Author: 
Lenny Carpenter, Ed.
Publication Date
Publication Date: 
December 8, 2017

"Media plays a key role in educating the public on Indigenous communities. It could start with describing the communities in a fair, accurate and respectful way." - JHR Indigenous Reporters Program manager Lenny Carpenter

Produced in consultation with Indigenous journalists and scholars across Canada, this guide was developed by Journalists for Human Rights (JHR) to address gaps in the ways Canadian media describes and references Indigenous people in stories and reports. It includes descriptions on why Indigenous is preferred over Aboriginal, reasons to avoid use of "Canada's Indigenous people" and the like, proper descriptions of Métis and Inuit, and a section on Two Spirit people. The purpose is to prevent misrepresentation and mislabeling of Indigenous people in news stories across Canada.

JHR developed the guide in summer 2017, in part in response to news the Canadian Press (CP) was working on a new edition of its Stylebook. The CP Stylebook is a comprehensive reference work that is used by journalists across Canada, and it is required reading by post-secondary journalism programmes. The team at CP reached out to JHR for guidance on their Indigenous section, and the 18th edition of the CP Stylebook, released in autumn 2017, has adapted portions of the JHR style guide into its Indigenous Peoples section.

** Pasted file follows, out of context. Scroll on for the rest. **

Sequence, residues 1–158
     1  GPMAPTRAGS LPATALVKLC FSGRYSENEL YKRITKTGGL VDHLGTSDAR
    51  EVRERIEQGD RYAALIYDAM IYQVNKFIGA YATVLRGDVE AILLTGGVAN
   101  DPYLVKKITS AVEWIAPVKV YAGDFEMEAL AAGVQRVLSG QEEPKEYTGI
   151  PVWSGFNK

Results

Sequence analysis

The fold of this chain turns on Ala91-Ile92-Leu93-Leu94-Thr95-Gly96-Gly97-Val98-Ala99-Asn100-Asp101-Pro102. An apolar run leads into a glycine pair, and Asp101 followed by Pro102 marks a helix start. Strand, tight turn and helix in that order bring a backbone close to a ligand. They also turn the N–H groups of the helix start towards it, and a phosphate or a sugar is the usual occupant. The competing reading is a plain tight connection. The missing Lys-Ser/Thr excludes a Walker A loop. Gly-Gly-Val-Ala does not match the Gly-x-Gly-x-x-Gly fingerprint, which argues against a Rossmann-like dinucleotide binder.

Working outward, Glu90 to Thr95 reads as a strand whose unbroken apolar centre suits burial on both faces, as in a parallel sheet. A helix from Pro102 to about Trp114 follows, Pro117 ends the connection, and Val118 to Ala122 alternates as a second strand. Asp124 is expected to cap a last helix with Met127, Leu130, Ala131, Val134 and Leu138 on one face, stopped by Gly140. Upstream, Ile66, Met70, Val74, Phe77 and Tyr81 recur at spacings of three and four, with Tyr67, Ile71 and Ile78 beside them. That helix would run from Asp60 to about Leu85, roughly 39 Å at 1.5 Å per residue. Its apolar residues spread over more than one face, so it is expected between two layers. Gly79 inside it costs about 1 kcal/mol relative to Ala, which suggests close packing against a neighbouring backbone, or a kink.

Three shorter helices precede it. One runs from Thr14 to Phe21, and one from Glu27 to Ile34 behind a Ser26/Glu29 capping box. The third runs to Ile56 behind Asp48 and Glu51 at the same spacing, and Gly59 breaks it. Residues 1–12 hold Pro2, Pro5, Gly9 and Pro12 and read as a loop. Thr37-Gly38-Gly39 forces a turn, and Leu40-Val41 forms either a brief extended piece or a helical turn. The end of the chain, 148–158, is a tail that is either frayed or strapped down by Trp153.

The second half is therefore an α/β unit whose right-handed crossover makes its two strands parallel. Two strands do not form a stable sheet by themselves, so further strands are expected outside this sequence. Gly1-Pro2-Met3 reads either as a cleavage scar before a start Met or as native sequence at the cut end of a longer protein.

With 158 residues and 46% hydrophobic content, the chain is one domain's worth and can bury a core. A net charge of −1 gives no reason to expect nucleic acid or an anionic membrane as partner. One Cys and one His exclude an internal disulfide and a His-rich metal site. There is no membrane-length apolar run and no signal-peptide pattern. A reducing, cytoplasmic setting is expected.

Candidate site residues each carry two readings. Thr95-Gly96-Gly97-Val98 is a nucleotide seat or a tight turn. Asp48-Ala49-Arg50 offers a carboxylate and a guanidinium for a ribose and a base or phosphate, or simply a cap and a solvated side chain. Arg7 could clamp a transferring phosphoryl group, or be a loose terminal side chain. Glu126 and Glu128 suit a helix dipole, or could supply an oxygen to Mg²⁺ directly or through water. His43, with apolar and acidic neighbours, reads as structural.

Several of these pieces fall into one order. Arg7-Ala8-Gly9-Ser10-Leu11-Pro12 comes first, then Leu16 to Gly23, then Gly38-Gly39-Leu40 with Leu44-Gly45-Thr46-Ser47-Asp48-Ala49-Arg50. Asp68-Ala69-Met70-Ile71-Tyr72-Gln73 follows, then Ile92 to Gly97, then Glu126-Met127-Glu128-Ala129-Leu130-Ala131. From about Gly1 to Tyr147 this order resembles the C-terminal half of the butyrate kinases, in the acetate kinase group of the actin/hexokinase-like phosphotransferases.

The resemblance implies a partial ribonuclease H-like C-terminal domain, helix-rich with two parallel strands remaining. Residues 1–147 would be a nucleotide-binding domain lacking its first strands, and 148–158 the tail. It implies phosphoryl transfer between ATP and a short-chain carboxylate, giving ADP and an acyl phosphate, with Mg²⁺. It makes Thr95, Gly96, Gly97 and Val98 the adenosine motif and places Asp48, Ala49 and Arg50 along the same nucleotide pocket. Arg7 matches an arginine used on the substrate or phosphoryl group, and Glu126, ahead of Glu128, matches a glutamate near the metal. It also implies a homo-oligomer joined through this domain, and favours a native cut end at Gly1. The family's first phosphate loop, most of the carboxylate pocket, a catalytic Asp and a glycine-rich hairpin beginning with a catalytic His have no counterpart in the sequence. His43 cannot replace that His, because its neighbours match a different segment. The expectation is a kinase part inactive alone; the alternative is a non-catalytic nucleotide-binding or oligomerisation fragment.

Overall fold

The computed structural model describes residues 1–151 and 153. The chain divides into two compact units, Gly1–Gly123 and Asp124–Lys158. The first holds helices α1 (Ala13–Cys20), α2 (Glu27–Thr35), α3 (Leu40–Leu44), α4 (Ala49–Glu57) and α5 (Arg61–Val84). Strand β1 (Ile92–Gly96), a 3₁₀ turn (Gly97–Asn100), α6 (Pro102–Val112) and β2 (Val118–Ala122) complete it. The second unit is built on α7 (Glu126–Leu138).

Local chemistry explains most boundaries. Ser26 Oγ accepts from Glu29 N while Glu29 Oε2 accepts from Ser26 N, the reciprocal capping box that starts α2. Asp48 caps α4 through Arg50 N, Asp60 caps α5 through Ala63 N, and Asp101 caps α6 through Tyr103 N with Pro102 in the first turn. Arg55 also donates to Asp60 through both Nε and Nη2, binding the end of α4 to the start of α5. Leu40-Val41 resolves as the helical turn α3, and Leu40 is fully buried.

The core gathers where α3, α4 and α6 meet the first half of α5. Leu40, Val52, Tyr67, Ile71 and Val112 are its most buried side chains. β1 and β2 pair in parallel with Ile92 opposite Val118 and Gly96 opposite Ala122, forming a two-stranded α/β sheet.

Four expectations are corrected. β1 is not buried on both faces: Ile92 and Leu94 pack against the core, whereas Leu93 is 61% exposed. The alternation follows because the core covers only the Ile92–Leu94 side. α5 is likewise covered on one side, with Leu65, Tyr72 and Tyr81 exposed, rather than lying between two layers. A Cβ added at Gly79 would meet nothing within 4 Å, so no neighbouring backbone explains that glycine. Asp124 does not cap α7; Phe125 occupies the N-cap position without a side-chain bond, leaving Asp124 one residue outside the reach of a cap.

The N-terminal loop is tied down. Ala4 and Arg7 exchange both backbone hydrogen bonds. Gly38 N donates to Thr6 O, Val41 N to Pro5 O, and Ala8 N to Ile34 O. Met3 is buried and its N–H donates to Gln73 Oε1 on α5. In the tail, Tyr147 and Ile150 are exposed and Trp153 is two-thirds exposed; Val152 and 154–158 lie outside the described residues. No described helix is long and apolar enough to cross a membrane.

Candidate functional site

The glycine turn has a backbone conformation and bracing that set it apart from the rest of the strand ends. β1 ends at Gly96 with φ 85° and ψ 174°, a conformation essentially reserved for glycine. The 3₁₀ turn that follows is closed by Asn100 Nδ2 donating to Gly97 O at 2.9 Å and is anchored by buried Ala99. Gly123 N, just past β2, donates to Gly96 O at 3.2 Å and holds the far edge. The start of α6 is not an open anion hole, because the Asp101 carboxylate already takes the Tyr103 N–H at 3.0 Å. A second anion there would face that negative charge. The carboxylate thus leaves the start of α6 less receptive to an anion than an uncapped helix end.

Joyce Hunter, contributor to the guide, says, "How the media portrays Indigenous people is crucial to building understanding among the collective Canadian consciousness, and so, we must commend and thank the Canadian Press for acknowledging that our identities should not be assigned to us collectively by an outside source and has worked with us to ensure the industry itself is coming to Indigenous peoples in a way that is communicative, open and done so in a spirit of reciprocation which helps to grow understanding among Canadians in a very real way."

JHR's Indigenous Reporters Program, established in 2014, is the group behind this guide. It seeks to build opportunities for Indigenous people to pursue careers in journalism, ultimately strengthening Indigenous voices in Canadian media, and to ensure that non-Indigenous journalists are trained in best practices for reporting on Indigenous peoples, cultures, and issues.

Number of Pages: 

8

Source: 

Press release, December 8 2017 - accessed on February 13 2018. Image credit: Discourse Media